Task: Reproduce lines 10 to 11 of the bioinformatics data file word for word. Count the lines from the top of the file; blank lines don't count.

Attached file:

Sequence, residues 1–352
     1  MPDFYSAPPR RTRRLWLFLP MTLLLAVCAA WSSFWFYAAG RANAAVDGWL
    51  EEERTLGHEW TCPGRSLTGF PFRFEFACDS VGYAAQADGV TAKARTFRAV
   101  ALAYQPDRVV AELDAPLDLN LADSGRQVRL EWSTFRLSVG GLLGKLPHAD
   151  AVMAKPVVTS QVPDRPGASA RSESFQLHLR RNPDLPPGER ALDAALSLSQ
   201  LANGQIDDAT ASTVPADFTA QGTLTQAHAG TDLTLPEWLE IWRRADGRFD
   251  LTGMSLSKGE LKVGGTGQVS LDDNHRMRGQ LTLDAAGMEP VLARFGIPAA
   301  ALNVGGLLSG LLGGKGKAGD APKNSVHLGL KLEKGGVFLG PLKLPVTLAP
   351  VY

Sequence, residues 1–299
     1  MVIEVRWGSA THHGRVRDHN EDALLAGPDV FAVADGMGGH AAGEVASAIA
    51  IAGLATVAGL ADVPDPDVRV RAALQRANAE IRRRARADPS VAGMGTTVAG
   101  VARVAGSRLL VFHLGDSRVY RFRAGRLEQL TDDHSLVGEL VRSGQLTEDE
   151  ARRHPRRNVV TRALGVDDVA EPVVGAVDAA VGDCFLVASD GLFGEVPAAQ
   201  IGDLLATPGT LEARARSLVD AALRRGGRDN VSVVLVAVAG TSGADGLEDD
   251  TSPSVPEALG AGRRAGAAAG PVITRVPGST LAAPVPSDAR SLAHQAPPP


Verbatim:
Sequence, residues 1–299
     1  MVIEVRWGSA THHGRVRDHN EDALLAGPDV FAVADGMGGH AAGEVASAIA